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This Einstein bot is like a silly, slow Alexa doll

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A digital assistant with some extra personality

Talking gadgets were everywhere at CES this year, many of them powered by the same Alexa software inside Amazon’s Echo speaker. Advances in artificial intelligence have produced big gains over the last few years in computer’s ability to hear and understand what we’re saying to them. And Hanson Robotics, famous for its artfully sculpted and emotionally evocative creations, is eager to get in on the fun.

The company, which until now focused on very expensive, one-off projects, is set to release its first mainstream consumer product: Professor Einstein. The 14.5-inch-tall robot is equipped with several microphones and a speaker. You can ask it questions about the weather, long division, famous people, and types of food. In our testing it was able to understand most queries, but took a lot longer than Alexa or Google Home to respond.

Hanson Robotics' Albert Einstein robot

You can now have an Albert Einstein robot as your teacher.

Posted by Circuit Breaker on Monday, January 23, 2017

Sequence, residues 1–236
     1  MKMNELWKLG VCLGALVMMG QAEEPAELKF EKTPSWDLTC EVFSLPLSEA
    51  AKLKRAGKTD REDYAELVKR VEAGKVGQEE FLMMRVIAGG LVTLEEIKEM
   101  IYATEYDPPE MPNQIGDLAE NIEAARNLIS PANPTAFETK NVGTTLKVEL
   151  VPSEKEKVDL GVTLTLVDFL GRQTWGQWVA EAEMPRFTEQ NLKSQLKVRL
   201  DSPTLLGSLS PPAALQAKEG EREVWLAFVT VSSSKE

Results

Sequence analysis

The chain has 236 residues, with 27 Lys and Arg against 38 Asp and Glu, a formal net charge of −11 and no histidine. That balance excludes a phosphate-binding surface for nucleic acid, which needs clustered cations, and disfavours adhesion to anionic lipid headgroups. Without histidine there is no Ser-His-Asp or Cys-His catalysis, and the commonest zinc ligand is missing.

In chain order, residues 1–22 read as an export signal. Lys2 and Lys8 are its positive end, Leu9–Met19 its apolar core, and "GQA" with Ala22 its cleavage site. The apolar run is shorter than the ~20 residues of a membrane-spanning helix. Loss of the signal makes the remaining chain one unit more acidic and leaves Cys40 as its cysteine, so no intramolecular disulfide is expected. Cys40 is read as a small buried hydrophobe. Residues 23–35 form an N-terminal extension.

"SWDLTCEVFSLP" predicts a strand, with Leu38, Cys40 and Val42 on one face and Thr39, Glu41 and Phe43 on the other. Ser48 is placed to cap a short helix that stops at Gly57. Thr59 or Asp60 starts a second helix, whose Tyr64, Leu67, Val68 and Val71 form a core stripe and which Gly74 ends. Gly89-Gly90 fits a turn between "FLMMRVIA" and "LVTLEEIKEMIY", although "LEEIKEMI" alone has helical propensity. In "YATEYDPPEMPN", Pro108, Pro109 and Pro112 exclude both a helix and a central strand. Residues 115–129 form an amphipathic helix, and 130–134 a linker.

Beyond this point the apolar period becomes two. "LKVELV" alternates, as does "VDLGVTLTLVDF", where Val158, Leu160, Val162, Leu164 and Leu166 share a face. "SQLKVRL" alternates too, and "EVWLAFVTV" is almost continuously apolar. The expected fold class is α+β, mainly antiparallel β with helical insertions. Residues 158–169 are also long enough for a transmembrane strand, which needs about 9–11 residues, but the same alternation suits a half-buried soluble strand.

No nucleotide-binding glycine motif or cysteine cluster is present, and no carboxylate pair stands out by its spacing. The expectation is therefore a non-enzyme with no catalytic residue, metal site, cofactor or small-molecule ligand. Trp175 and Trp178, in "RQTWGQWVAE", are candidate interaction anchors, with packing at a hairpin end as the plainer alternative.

Einstein has a camera tucked into its tie and will turn its head to face movement. With a couple people in the room chatting it got distracted easily, glancing back and forth, attempting to answer lots of questions nobody had asked that it picked up from fragments of our conversation.

Hanson has designed an interactive app to go along with the Einstein doll. You can ask it questions about relativity and, if your app is open to the right screen, the doll will automatically launch a video explainer, chatting along to emphasize the lesson. Studies have indicated that children learn more when engaging with an avatar instead of just text on a computer screen, and even more when engaging with a robot instead of a digital avatar. Of course, hands-on work with a real human teacher is still best.

Einstein is available for preorder on Kickstarter today. Early-bird backers get it for $249, and the company expects it to retail at $299 some time this spring.